- The Washington Times - Thursday, September 20, 2001

NICOSIA, Cyprus Turkey has taken initial steps to facilitate any effort to seize suspected terrorist Osama bin Laden, believed to be hiding in Afghanistan.

Such a backup action would include transit facilities for troops that might be used in an anti-terrorist operation and the right to use Turkey's airspace, diplomats say.

The decision was taken, according to diplomatic reports, in keeping with Turkey's commitment to a secular from of government and its firm opposition to Islamic terrorism.

Senior U.S. officials, including President Bush, have named bin Laden as the brain behind last Tuesday's devastating terrorist attacks in New York and Washington.

A Pakistani mission has gone to Afghanistan in an unsuccessful effort to persuade the Taliban authorities to hand over bin laden.

But Turkish officials were quoted by diplomats as saying that if sufficient proof of his quilt is submitted, the Taliban would like to try him "on Islamic soil."

Gen. Huseyin Kivrikoglu, chief of Turkey's General Staff, declared, "the hour has come for a struggle against political Islam."

A "crisis desk" has been formed in Ankara at the instigation of the powerful National Security Council, which is dominated by the military.

Following a 13-page report on the situation by the council, Turkey beefed up security at foreign diplomatic missions, tightened border controls and ordered a state of alert at selected military bases.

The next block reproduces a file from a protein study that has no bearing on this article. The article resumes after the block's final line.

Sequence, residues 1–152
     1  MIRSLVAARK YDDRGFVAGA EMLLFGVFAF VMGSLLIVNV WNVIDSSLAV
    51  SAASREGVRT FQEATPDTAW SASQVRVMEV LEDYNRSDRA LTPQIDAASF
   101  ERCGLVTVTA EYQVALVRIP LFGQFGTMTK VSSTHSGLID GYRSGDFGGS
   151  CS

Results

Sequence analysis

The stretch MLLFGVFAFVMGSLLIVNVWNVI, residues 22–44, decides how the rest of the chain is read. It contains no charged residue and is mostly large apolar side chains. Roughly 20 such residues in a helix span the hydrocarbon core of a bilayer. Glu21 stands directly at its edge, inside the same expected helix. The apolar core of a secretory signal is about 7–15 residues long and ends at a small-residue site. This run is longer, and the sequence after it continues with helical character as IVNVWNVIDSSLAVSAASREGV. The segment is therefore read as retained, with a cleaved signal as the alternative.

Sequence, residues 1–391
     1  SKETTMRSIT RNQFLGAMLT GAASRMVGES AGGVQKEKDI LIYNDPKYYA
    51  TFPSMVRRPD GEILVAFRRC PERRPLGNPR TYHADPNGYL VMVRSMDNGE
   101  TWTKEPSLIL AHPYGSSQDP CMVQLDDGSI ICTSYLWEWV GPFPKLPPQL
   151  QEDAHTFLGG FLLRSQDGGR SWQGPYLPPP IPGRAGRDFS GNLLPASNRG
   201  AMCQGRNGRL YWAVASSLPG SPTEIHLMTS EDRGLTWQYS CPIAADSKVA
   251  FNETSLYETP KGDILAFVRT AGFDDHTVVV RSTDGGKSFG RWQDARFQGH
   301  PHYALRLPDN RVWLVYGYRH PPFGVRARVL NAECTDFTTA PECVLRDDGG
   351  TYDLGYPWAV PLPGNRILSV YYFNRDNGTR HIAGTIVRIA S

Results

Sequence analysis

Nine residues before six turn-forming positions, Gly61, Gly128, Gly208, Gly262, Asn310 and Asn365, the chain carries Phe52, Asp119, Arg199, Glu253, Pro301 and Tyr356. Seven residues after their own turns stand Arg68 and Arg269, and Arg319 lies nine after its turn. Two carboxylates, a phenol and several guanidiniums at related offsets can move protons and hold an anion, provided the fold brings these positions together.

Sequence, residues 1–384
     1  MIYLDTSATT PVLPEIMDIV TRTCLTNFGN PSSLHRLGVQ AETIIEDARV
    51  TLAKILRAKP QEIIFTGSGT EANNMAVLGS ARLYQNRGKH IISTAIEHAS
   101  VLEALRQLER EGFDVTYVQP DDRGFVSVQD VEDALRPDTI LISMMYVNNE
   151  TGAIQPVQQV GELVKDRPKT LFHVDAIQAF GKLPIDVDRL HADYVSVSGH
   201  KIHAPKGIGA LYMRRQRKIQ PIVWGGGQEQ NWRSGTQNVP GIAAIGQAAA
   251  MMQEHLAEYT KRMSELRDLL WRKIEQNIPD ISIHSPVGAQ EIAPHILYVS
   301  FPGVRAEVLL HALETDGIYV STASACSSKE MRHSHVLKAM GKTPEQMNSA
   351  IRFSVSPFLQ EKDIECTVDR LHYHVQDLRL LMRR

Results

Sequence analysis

The United States has a score of military bases in Turkey, and U.S. and British planes at the Incirlik base near Adana fly missions to enforce a no-fly zone over northern Iraq.

Diplomats pointed out the exceptionally sober analysis of the current situation by the Turkish crisis committee.

Its report stated that "the United States will very quickly get over the shock and retaliate with force," and due to Turkey's strategic importance, "Washington's reaction could well affect Turkey indirectly."

Turkey's apparent willingness to help in the U.S. anti-terrorist campaign underscores its commitment to NATO and its determination to stem political Islam at home.

In recent years, an estimated 3,000 army officers were released for "voicing Islamic views."

Four years ago, a stiff army ultimatum forced the collapse of the government headed by Necmettin Erbakan, one of the key Islamic leaders.

If Turkey plays a significant role in the anti-terrorist war, its international prestige would be considerably enhanced.

A candidate for membership in the European Union, Turkey is frequently criticized in Europe for its human rights record and military presence in Northern Cyprus.

Turkey was one of America's key allies during the Gulf crisis in 1990-91 and claims that observance of the sanctions against Iraq has cost it $35 billion.

The present international emergency comes at a particularly difficult period for Turkey, grappling with a major economic crisis.

During the past five months the Turkish lira has lost 50 percent of its value against the dollar, inflation stands at 60 percent and half a million people have lost their jobs.

The International Monetary Fund (IMF) has pledged $15.7 billion for a crisis recovery program.

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